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Ray of light travelling through universe (applying cosmological principle)

  1. Apr 24, 2008 #1
    cosmological principle states that, on large spatial scales, universe is homogeneous and isotropic. in other words, universe looks the same in every direction and that is true for every point of view. there are some challanges to this principle, but for this discussion, I will assume it is correct.
    so, let's start.
    on the following picture we can see: a source of light (laser), a ray of light and a receptor. this is hypothetical setting, so, i will assume that a source and receptor are massless, so there are no gravitational fields here.
    pic1:
    View attachment 13682
    we see, ray of light, following a straight line and hiting earth.

    next example is a bit more complicated because ray of light travels through universe. but according to cosmological principle universe is homogeneous and isotropic on large scales, and our ray of light traveles great distance so we can apply the principle.
    pic2:
    View attachment 13683
    ok, what do we see on pic2?
    on top we see universe and gravity presented with the same shade of gray. but why did I do that? I did this because I simply applied cosmological principle on this ray.

    on bottom part of pic2 we can see it in 'reality'. I used this beautiful picture of omega centauri to represent the whole universe. here yellow line isn't really 'straight'. I used a straight line only to approximate the path of light. what really happens is that this line bends as light travells through gravitational fields of different strength (gravitational lensing). but, since universe is homogeneous and isotropic I can assume this local bending will be 'straightened' with another bending, but in different direction, providig that this ray of light travelles large distances. so, at the end, its path can be approximated with a 'straight' line.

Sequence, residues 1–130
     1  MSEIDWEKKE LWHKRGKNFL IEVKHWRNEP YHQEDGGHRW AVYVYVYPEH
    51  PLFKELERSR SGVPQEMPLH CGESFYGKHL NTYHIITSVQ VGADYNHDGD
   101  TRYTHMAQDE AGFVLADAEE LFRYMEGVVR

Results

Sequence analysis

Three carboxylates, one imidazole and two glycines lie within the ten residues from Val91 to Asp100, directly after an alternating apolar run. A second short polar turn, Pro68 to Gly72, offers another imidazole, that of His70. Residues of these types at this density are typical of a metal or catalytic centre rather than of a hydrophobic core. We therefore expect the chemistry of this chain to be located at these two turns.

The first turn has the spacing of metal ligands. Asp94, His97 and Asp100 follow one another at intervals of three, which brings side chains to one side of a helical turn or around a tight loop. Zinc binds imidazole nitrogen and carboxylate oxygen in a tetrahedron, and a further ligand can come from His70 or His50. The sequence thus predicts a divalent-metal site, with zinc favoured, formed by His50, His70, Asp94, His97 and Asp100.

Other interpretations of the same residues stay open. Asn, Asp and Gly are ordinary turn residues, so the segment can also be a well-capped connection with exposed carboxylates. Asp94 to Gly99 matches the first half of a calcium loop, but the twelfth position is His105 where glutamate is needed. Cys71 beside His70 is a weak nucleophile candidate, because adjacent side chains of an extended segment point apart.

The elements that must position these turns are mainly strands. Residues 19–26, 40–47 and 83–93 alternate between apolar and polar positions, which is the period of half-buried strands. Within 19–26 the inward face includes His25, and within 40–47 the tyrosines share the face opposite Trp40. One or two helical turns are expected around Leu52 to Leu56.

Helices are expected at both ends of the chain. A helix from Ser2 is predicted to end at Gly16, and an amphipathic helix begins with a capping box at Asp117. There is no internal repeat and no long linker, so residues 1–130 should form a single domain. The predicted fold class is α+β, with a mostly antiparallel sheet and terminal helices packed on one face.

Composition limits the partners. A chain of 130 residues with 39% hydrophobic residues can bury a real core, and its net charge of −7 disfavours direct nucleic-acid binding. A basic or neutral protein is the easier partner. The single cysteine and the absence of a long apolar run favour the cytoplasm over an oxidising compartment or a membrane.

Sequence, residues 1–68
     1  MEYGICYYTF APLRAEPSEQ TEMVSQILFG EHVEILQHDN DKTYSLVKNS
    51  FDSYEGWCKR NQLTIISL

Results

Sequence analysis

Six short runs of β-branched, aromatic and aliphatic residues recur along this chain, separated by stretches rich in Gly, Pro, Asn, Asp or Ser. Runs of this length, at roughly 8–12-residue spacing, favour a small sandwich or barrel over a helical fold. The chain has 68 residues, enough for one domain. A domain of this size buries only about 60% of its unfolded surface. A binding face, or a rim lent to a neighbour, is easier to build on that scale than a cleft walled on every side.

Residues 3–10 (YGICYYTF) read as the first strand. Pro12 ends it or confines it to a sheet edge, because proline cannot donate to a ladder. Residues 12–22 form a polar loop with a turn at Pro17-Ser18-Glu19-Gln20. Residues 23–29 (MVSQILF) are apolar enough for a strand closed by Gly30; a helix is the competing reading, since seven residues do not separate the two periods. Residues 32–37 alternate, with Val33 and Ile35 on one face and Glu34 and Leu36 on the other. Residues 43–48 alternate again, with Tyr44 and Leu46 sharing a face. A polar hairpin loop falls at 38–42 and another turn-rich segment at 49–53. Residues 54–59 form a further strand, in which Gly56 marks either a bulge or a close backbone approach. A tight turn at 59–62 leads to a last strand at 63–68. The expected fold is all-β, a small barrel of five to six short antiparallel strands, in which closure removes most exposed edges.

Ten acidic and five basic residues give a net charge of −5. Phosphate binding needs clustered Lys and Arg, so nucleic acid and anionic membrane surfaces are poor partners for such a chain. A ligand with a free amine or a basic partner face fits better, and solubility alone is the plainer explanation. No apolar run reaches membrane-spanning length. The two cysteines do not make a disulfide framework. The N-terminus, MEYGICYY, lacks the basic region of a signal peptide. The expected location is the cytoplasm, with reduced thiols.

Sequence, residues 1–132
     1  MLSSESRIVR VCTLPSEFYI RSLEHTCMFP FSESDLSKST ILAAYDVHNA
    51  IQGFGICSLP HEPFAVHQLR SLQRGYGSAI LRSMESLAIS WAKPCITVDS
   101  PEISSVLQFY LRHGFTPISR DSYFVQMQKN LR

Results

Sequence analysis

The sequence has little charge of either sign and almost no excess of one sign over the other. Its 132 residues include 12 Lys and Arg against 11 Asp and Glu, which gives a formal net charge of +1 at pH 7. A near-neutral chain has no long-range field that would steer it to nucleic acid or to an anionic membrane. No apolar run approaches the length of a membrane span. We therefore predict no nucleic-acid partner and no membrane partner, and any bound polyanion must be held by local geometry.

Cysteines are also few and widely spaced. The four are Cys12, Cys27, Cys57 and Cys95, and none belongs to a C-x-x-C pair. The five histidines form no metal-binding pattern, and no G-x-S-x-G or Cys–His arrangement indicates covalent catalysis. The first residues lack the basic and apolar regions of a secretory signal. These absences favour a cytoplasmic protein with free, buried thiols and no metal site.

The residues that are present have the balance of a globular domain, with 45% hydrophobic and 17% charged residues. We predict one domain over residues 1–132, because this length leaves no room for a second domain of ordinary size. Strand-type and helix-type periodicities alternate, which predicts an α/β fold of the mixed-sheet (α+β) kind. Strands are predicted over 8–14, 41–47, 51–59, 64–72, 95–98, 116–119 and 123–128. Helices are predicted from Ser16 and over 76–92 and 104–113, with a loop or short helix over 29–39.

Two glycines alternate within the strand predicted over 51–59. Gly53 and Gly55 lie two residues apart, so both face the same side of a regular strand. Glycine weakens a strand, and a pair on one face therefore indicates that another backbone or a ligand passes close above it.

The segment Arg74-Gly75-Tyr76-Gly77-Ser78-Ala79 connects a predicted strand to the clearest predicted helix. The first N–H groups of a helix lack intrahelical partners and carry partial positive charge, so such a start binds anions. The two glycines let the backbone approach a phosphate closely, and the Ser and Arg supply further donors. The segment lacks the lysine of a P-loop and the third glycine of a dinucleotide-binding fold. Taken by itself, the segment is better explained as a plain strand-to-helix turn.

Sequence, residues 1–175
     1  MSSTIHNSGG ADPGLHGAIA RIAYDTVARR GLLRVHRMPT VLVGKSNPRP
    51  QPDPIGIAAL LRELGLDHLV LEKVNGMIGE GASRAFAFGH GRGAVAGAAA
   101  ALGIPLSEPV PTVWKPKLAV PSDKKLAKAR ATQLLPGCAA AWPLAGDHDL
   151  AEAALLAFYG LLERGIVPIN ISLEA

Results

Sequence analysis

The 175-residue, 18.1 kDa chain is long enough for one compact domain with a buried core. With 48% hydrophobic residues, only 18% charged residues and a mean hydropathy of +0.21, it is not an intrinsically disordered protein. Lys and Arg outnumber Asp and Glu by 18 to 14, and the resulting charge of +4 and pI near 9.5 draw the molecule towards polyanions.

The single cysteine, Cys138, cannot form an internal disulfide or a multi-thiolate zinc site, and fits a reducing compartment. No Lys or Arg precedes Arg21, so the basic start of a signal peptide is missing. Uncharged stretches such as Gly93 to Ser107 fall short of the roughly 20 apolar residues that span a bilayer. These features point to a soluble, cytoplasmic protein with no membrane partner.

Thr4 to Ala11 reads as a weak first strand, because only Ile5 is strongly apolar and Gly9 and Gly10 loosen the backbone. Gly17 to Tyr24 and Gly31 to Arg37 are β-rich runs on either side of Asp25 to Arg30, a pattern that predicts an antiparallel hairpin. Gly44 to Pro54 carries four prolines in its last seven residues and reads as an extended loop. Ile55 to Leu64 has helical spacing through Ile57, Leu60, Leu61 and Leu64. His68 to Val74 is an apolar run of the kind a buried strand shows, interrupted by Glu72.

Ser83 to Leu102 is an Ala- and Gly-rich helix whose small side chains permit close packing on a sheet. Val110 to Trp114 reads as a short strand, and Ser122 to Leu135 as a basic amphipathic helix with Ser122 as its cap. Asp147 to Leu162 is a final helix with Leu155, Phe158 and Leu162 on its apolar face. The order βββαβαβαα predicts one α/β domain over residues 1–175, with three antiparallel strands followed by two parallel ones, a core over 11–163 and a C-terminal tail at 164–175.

and this we can see on pic3.
    pic3:
    View attachment 13684



    and fially - my question is:
    can we approximate path of a ray of light through universe with a straight line, providing that the ray traveles large distance?
     
  2. jcsd
  3. Apr 25, 2008 #2
    Hi Keks,

    Your attachment links don't work, so I didn't view them.

    Viewed from a comoving frame, a light ray will travel on a perfectly "straight" line (geodesic) if the spacetime is flat: i.e., it doesn't pass through a gravitational field and the background spatial geometry is perfectly flat.

    On the other hand, if the light ray passes through a gravitational field, then its spacetime geodesic will not be perfectly straight. One can't really say that it is "approximately" a straight line; the total amount of deflection from the original course depends on the intensity of the gravitational field(s) (curved spacetime) it passes through, how close it passes to the gravitational source(s), etc. For example, if the light ray is gravitationally lensed because it passes very close to a highly massive structure (such as a rich galaxy cluster), then the amount of deflection will be noticeably significant.

    Or if a light ray strikes an object and reflects off of it, then obviously the deflection could be any amount, even 180 degrees.

    Jon
     
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